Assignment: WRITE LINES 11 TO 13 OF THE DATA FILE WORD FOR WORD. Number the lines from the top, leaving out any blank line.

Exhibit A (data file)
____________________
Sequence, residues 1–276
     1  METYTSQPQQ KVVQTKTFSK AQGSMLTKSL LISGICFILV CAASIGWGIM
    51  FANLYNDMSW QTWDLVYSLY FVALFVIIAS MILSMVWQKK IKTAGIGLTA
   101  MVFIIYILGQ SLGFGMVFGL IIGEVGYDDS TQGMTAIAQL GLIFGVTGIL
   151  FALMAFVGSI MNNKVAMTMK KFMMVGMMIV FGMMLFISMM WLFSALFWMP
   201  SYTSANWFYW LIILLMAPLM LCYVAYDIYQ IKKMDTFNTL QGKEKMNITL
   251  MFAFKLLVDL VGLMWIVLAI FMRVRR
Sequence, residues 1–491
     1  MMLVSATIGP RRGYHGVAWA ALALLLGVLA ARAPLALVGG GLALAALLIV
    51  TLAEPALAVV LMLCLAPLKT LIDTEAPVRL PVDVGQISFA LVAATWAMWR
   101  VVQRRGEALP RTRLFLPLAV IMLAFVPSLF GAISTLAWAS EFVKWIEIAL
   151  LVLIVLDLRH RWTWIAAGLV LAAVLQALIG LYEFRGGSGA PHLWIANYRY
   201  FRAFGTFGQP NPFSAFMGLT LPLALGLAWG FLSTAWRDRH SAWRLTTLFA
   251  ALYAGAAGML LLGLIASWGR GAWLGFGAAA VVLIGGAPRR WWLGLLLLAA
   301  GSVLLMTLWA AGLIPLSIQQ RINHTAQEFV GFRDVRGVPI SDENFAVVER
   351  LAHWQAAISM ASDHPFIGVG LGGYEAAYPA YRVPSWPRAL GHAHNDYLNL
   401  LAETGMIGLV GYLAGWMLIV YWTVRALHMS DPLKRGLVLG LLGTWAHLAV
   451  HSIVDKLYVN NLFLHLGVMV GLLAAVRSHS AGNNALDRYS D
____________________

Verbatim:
   101  VVQRRGEALP RTRLFLPLAV IMLAFVPSLF GAISTLAWAS EFVKWIEIAL
   151  LVLIVLDLRH RWTWIAAGLV LAAVLQALIG LYEFRGGSGA PHLWIANYRY
   201  FRAFGTFGQP NPFSAFMGLT LPLALGLAWG FLSTAWRDRH SAWRLTTLFA